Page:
The London 2012 Olympics are sure to offer a spectacle of high adrenaline, rip-roaring thrills and spills – and Hertfordshire’s one and only Games venue certainly reflects that.
Lee Valley White Water Centre has been specially created to host five days of intense canoe slalom action during the Games, and the public have been given a chance to try out the experience first hand.
So myself – Sports Reporter Adam Hull – and four friends decided to get kitted up and give the course a go to see what the world’s finest athletes will be tackling in the summer.
And it is certainly an experience not to be missed.
We arrived for the first session of the day and wriggled into our wetsuits, buoyancy aids and helmets, before watching the course fill up in spectacular fashion.
Almost 13,000 litres of water per second powers down the Olympic standard Competition Course – enough to fill 75 bath tubs every second, or an Olympic sized swimming pool in 30 seconds.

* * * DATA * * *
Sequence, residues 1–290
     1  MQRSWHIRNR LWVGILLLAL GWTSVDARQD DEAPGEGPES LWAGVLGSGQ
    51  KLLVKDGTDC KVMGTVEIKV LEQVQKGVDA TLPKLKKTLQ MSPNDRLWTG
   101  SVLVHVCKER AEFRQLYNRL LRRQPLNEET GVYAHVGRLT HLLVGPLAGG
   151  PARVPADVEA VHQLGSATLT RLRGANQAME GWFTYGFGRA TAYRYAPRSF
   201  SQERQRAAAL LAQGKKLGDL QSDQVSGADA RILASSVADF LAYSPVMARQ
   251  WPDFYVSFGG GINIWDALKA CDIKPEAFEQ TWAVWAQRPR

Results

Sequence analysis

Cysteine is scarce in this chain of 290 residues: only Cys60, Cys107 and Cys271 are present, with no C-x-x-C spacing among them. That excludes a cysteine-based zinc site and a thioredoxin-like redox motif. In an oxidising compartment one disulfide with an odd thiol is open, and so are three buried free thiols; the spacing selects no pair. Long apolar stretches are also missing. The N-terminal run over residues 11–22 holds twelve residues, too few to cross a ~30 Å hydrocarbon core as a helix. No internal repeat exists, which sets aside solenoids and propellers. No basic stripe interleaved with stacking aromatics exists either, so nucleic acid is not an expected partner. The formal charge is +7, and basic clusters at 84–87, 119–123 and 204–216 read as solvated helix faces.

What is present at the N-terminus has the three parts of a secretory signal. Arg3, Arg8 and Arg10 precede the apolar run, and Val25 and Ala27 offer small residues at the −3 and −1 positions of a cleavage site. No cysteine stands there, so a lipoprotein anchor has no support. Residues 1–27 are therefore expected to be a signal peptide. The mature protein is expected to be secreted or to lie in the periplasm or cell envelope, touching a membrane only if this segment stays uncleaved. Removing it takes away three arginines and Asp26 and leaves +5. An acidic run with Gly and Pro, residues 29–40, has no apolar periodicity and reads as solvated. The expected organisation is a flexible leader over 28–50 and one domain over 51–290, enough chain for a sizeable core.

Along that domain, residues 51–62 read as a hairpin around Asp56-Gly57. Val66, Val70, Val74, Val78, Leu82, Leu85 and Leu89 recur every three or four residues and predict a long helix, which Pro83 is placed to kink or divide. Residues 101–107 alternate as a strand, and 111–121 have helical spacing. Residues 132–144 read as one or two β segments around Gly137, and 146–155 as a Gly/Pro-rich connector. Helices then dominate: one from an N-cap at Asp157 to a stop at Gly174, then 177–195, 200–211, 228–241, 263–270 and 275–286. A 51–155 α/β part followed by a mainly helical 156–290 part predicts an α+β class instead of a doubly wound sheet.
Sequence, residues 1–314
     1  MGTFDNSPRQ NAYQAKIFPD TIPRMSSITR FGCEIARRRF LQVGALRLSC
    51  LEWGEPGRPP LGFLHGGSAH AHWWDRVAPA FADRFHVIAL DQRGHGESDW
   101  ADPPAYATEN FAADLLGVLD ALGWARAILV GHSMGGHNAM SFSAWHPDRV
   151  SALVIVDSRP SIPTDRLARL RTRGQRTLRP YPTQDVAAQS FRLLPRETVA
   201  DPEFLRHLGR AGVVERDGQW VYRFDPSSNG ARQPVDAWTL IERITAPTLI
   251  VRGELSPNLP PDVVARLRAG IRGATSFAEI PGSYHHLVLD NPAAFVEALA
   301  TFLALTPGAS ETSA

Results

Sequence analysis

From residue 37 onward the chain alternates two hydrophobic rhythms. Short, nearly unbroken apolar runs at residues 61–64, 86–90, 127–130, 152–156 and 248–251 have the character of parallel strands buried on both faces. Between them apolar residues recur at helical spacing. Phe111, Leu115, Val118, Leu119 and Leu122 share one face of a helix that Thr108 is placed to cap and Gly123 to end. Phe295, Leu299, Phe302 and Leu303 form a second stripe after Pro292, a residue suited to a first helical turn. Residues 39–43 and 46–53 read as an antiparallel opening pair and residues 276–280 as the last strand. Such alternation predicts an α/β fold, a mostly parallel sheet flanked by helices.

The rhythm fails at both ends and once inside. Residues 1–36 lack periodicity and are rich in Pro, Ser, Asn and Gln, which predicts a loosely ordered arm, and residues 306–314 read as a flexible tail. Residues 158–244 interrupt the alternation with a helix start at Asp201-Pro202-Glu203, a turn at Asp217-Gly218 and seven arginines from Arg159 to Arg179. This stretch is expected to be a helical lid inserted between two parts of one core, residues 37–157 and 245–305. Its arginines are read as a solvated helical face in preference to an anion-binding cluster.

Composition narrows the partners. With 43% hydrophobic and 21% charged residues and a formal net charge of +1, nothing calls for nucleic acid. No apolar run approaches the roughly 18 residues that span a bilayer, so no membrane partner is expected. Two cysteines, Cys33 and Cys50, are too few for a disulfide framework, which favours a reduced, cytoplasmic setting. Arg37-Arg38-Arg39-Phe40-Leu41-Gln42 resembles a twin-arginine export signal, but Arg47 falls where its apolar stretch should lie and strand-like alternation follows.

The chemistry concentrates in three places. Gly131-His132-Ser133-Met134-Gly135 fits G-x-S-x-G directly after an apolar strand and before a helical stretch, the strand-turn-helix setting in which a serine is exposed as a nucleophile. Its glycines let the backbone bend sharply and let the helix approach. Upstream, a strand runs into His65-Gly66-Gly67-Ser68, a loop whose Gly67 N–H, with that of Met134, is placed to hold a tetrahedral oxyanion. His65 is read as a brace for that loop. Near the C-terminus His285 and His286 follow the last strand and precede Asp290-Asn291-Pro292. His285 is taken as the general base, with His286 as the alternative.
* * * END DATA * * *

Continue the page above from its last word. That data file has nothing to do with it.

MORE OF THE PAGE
The sight of the water raging its way through the course is pretty impressive to say the least – and it is then that you really appreciate what you have let yourself in for!
We headed to the practice area where we were taught the arts of paddling, falling out of the raft and, of course, getting back in.
After a quick practice – with the inevitable shock to the system when first entering the water – we learned some of the basic commands that we would be using, and then it was out onto the course.
Our team of nine hardy paddlers, plus our instructor, began the ascent to the top of the course, ready to embark on our first lap.
And then we were off. Paddling furiously, we manoeuvred our way through the first section of rapids and began to zoom along the course, trying our best to avoid the other rafts and canoes in our path.
It was certainly an experience to get the blood pumping, with the spray from the rapids whipping across our faces and the speed of our paddling taking our breath away.
And then, after a couple of minutes, we were back at the relative calm of bottom of the course, having successfully worked our way to the end of the track. And we could not wait for our next run.
Our session lasted about three hours, and we managed to fit in a good number of laps before hanging up our paddles for the day.
The Olympic canoeing at Lee Valley gets under way on Sunday, July 29, and I will be keeping an eye out so see how Team GB get on in their quest to tackle the course.
After my morning on the rapids it has made it clear to me – whoever comes away with the medals will certainly have earned them!